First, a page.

What is the Department of Home Affairs (DoHA)?
On 20 December 2017, the Federal Government formally re-established the Department of Home Affairs to replace the Department of Immigration and Border Protection. The whole-of-government change was announced by the Prime Minister on 20 July 2017. A Ministry of Home Affairs was originally created at Federation (1901) but later became the Ministry for the Interior in 1932. Resurrected in 2007, the Ministry was again disbanded by the Rudd Government in 2013; its responsibilities were migrated at that time to the newly-formed Department of Immigration and Border Protection.
The new ministry resulted from recommendations within the 2017 ‘Independent Intelligence Review’ provided to the Government by Mr Michael L’Estrange and Mr Stephen Merchant. The new ministry is forecast to be fully operational before the end of 2018 and its primary function will be to develop and coordinate policy and strategy across the range of operational imperatives within each of its sub-departments. It is expected to play a significant role in coordinating Australia’s security initiatives by convening inter-departmental working groups to develop operating policies and strategies to meet Government objectives.
There is much work to do to coordinate and consolidate the myriad of different departmental functions and services into one department.
The new Department of Home Affairs will oversee a wide portfolio of responsibilities, including:
- Immigration, Visa Issuance, and Border Protection
- National Security, including: Counterterrorism, Law Enforcement, Transport Security, and Cybersecurity. This includes responsibility for AusTRAC, the Australian Criminal Intelligence Commission (ACIC), the Australian Security Intelligence Organisation (ASIO), and the Australian Federal Police (AFP).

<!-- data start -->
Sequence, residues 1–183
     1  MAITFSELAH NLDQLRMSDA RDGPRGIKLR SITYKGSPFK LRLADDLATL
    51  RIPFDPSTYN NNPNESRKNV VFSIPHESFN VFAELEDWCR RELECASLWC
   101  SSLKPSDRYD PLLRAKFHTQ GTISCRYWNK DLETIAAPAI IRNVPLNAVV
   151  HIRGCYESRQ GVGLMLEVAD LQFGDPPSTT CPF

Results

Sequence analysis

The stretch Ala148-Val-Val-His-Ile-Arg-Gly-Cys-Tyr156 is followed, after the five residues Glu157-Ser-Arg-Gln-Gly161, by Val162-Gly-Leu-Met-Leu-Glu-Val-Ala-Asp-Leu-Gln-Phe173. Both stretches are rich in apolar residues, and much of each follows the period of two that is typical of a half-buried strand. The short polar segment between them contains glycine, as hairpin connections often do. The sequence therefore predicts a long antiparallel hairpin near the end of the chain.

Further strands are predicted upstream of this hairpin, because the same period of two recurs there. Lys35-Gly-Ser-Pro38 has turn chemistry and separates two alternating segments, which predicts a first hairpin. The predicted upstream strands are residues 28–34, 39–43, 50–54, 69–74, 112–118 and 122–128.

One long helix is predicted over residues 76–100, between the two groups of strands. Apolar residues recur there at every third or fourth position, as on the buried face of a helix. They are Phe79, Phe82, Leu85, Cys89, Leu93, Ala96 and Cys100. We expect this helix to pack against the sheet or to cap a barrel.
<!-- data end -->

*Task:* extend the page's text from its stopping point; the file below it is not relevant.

- Citizenship and Multicultural Affairs
- National Emergency Management, incorporating oversight of Emergency Management Australia
- Criminal Justice, including oversight of anti-money laundering, organised crime prevention, and law enforcement.
The new ‘super-ministry’ is to be overseen by no less than three Ministers and an Assistant Minister. The primary purpose for the new portfolio has been explained as a root-and-branch restructure of Australia’s security and intelligence communities, linked seamlessly with immigration and visa services to provide comprehensive national security.
The intelligence gathering functions of government will also be the concern of yet another new functionary, the Office of National Intelligence, whose role is yet to be clarified or legislated. This Office replaces the former Office of National Assessments whose task is to brief the government on security issues.
In addition, certain functions of law and governance will continue to be the sole responsibility of the Attorney-General’s Department, adding yet another layer of political and bureaucratic machination to the legal management of national security. The Justice Department will not be incorporated into the new super-ministry either but will also interface with the new ministry at a governance level.
The governance measures required to oversee the very disparate departments to be conjoined will be complex in the extreme, requiring a wide array of new legislation to properly empower all involved. Many of the captured departments have historically enjoyed statutory, regulatory and operational independence. Some commentators have stated that it may prove hugely difficult to coordinate the services provided by these autonomous departments while others believe that it will largely be business as usual, with the new super-ministry having little influence over daily operational matters.